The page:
The markets say they want them. Most EU countries say they are a good idea and a way of firming up the eurozone. Now the European Commission is nearly ready to announce its plans for a eurobond, backed by all EU economies, both weak and strong, that could reduce borrowing costs for stricken Greece and other shaky member states.
“This is a fight for the economic and political future of Europe. This is a fight for what Europe represents in the world. This is a fight for European integration itself,” said Jose Manuel Barroso, President of the European Commission.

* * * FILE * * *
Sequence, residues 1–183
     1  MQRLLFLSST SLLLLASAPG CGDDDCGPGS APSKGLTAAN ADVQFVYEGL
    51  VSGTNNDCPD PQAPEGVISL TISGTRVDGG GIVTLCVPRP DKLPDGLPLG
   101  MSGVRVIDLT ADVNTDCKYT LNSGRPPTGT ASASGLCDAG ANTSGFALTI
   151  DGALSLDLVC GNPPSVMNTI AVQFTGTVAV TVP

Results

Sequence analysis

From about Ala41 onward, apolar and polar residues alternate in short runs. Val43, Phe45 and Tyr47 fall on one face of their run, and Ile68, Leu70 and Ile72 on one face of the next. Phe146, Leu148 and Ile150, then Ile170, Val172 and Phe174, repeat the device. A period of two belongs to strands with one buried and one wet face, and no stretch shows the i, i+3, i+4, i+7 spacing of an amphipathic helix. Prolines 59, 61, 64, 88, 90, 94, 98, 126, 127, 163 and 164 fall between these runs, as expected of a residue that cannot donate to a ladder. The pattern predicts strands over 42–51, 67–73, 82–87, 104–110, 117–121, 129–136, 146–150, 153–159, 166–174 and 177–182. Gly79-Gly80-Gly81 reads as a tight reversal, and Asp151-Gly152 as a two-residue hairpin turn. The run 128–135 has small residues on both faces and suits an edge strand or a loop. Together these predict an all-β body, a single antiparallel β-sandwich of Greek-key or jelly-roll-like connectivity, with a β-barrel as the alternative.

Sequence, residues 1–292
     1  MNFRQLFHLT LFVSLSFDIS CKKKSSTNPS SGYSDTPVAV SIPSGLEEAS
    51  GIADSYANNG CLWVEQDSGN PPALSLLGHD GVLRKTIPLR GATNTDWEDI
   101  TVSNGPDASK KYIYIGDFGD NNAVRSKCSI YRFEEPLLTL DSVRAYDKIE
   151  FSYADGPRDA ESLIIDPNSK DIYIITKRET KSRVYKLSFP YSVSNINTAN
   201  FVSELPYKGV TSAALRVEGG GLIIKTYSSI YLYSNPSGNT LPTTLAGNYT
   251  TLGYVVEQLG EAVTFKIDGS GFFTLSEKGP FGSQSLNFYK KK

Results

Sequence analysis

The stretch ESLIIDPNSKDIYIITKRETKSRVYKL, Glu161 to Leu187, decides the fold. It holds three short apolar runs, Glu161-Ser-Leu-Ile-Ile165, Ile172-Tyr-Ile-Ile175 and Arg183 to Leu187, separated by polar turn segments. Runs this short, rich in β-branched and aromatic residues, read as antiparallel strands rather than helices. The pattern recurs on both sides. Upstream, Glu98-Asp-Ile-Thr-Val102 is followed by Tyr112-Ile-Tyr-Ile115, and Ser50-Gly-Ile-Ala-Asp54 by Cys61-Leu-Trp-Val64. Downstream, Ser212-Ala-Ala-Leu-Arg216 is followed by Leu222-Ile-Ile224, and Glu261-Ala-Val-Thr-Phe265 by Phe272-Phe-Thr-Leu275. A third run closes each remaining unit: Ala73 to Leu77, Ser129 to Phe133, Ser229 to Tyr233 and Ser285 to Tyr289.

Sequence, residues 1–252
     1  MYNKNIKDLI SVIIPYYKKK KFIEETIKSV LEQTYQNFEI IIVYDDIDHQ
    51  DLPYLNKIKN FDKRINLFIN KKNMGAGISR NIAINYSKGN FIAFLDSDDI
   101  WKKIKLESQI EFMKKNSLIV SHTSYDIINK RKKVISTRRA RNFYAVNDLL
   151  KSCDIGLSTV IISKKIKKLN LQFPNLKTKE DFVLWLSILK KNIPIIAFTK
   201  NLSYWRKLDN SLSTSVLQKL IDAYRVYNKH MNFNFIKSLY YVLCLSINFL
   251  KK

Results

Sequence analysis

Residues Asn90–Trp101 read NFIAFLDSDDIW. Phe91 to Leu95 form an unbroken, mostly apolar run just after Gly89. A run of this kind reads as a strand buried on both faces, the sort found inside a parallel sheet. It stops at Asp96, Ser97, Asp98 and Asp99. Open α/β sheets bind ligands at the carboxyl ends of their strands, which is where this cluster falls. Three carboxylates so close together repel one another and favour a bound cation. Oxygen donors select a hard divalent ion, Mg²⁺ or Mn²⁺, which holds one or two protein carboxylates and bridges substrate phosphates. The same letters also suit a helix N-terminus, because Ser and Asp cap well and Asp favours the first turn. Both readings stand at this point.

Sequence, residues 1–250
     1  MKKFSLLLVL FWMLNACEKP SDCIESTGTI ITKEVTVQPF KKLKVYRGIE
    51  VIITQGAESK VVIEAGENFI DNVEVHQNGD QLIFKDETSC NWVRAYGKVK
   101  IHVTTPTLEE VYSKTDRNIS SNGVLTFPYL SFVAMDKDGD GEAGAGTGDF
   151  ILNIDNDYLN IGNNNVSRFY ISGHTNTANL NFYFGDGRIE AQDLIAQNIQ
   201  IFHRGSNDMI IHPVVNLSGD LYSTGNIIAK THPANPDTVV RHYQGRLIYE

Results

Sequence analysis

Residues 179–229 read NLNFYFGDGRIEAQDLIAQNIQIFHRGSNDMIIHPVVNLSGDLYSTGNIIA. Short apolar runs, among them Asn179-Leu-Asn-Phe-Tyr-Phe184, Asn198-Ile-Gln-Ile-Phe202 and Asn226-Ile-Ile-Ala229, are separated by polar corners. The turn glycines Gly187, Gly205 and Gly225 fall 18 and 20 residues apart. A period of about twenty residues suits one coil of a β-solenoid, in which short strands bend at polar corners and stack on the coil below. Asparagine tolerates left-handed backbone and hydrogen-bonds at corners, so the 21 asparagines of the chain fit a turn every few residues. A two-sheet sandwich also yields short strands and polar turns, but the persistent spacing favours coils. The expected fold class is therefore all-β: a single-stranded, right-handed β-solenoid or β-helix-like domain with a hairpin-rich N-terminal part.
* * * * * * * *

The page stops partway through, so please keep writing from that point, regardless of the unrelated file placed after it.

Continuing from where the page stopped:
The problem is Europe’s strongest economy, Germany, is dead against the eurobond idea, as the economy minister has again underlined.
“Mister Barroso does not speak for the German government. I want to point out that we just had a verdict in the German Supreme Court which made it clear limitless German liability is not possible without the approval of the German parliament. In my view that eliminates eurobonds for Germany,” said Phillipe Roesler.
One European Commissioner has had the wind taken out of his sails after suggesting lowering to half-mast in Brussels all the flags of EU members that are too heavily in debt. “Totally ridiculous” was one of the more polite criticisms.